Ashima, now Monu, weeps with relief, and Ashoke, now Mithu, kisses his brothers on both cheeks, holds their heads in his hands. Gogol and Sonia know these people, but they do not feel close to them as their parents do. Within minutes, before their eyes Ashoke and Ashima slip into bolder, less complicated versions of themselves, their voices louder, their smiles wider, revealing a confidence that Gogol and Sonia never see on Pemberton Road. “I’m scared, Goggles,” Sonia whispers to her brother in English, seeking his hand and refusing to let go.
At times… he is conscious of the fact that his immersion in Maxine’s family is a betrayal of his own. It isn’t simply the fact that his parents don’t know about Maxine… it is his knowledge that apart from their affluence, Gerald and Lydia are secure in a way his parents will never be. He cannot imagine his parents sitting at Lydia and Gerald’s table, enjoying Lydia’s cooking, appreciating Gerald’s selection of wine. He cannot imagine them contributing to one of their dinner party conversations. And yet here he is, night after night, a welcome addition to the Ratliff’s universe, doing just that.
The family seems to possess every piece of the landscape, not only the house itself but every tree and blade of grass. Nothing is locked, not the main house, or the cabin that he and Maxine sleep in. Anyone could walk in. He thinks of the alarm system that now is installed in his parents’ house, wonders why they cannot relax about their physical surroundings in the same way. The Ratliffs own the moon that floats over the lake, and the sun and the clouds. It is a place that has been good to them, as much a part of them as a member of the family. The idea of returning year after year to a single place appeals to Gogol deeply.
She passes over two pages filled only with the addresses of her daughter, and then her son. She has given birth to vagabonds. She is the keeper of all these names and numbers now, numbers she once knew by heart, numbers and addresses her children no longer remember.
Now, sitting together at the kitchen table at six-thirty every evening, the hour feeling more like midnight through the window, his father’s chair empty, this meatless meal is the only thing that makes sense. There is no question of skipping this meal; on the contrary, for ten evenings the three of them are strangely hungry, eager to taste the blandness on their plates.
It is the photograph more than anything that draws Gogol back to the house again and again, and one day, stepping out of the bathroom on his way to bed and glancing at his father’s smiling face, he realizes that this is the closest thing his father has to a grave.
It strikes him that there is no term for what they once were to each other. Their parents were friends, not they. She is a family acquaintance but she is not family. Their contact until tonight has been artificial, imposed, something like his relationship to his cousins in India but lacking even the justification of blood ties. Until they’d met tonight, he had never seen her outside the context of her family, or she his. He decides that it is her very familiarity that makes him curious about her, and as he begins to walk west, to the subway, he wonders when he might see her again.
He’d confessed to her that he still felt guilty at times for changing his name, more so now that his father was dead. And she’d assured him that it was understandable, that anyone in his place would have done the same. But now it’s become a joke to her. Suddenly he regrets having ever told Moushumi; he wonders whether she’ll proclaim the story of his father’s accident to the table as well. By morning, half the people in the room will have forgotten. It will be a tiny, odd fact about him, an anecdote, perhaps, for a future dinner party. This is what upsets him most.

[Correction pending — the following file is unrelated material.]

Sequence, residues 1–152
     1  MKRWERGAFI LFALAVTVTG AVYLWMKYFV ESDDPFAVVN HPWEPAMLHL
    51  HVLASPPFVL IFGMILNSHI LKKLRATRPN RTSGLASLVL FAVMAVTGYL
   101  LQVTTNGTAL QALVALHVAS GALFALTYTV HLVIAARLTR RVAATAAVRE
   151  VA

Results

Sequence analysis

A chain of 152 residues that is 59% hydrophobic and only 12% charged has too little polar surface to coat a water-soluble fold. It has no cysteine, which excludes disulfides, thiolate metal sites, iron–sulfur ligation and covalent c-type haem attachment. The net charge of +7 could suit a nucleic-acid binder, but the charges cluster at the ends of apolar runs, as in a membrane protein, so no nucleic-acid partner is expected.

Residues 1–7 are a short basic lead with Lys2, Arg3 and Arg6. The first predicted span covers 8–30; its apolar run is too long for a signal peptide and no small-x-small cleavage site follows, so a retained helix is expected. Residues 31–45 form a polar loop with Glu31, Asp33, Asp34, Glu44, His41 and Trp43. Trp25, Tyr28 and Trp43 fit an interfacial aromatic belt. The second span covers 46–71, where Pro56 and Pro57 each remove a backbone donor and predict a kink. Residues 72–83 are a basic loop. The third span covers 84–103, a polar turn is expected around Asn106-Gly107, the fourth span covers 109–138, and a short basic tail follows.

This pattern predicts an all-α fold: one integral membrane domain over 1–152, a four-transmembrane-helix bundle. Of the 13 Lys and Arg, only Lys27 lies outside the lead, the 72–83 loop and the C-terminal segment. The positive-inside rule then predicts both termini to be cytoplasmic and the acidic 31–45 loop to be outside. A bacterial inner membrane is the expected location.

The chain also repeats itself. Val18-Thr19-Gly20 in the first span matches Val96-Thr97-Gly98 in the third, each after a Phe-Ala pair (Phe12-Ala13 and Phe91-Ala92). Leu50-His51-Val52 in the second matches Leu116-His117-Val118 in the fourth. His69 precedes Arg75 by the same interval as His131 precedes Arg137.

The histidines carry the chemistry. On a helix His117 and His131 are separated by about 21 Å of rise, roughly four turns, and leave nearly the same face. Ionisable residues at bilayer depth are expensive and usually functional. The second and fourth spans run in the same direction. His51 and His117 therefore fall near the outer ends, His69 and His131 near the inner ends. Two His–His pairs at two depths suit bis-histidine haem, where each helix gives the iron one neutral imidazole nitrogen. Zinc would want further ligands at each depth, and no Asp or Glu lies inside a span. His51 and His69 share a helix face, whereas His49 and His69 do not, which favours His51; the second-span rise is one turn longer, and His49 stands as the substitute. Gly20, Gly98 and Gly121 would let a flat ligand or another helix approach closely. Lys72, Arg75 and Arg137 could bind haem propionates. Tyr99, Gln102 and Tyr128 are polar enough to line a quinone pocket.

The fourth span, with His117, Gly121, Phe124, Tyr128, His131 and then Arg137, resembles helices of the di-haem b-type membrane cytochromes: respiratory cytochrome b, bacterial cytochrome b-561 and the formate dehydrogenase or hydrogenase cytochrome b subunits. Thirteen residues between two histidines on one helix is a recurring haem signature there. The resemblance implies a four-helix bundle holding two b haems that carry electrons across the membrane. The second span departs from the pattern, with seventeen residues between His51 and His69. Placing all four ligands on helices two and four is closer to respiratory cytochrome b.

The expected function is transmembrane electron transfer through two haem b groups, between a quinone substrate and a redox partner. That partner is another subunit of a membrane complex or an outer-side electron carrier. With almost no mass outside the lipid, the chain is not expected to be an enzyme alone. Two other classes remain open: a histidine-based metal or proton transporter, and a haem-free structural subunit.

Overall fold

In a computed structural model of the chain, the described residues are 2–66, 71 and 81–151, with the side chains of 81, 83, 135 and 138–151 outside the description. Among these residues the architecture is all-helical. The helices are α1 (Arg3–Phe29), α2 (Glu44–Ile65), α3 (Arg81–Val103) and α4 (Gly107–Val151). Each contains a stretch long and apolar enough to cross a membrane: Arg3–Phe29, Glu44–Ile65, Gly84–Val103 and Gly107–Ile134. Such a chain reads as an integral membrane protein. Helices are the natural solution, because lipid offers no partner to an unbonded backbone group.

She believed that he would be incapable of hurting her as Graham had. After years of clandestine relationships, it felt refreshing to court in a fishbowl, to have the support of her parents from the very start, the inevitability of an unquestioned future, of marriage, drawing them along. And yet the familiarity that had once drawn her to him has begun to keep her at bay. Though she knows it’s not his fault, she can’t help but associate him, at times, with a sense of resignation, with the very life she has resisted, has struggled so mightily to leave behind.
She wonders if she is the only woman in her family ever to have betrayed her husband, to have been unfaithful. This is what upsets her most to admit: that the affair causes her to feel strangely at peace, the complication of it calming her, structuring her day.
Ashima feels lonely suddenly, horribly, permanently alone, and briefly, turned away from the mirror, she sobs for her husband. She feels overwhelmed by the thought of the move she is about to make, to the city that was once home and is now in its own way foreign. She feels both impatience and indifference for all the days she still must live, for something tells her she will not go quickly as her husband did.
And then the house will be occupied by strangers, and there will be no trace that they were ever there, no house to enter, no name in the telephone directory. Nothing to signify the years his family has lived here, no evidence of the effort, the achievement it had been. It’s hard to believe that his mother is really going, that for months she will be so far. He wonders how his parents had done it, leaving their respective families behind, seeing them so seldom, dwelling unconnected, in a perpetual state of expectation, of longing.
It is as if a building he’d been responsible for designing had collapsed for all to see. And yet he can’t really blame her. They had both acted on the same impulse, that was their mistake. They had both sought comfort in each other, in their shared world, perhaps for the sake of novelty, or out of fear that that world was slowly dying. Still, he wonders how he’s arrived at all this… His time with her seems like a permanent part of him that no longer has any relevance, or currency. As if that time were a name he’d ceased to use.